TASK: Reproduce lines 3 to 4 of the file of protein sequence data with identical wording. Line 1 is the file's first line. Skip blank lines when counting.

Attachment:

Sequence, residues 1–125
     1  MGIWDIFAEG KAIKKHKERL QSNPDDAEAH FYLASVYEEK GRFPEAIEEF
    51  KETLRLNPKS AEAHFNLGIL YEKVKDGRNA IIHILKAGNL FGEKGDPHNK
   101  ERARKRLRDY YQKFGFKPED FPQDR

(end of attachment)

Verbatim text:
    51  KETLRLNPKS AEAHFNLGIL YEKVKDGRNA IIHILKAGNL FGEKGDPHNK
   101  ERARKRLRDY YQKFGFKPED FPQDR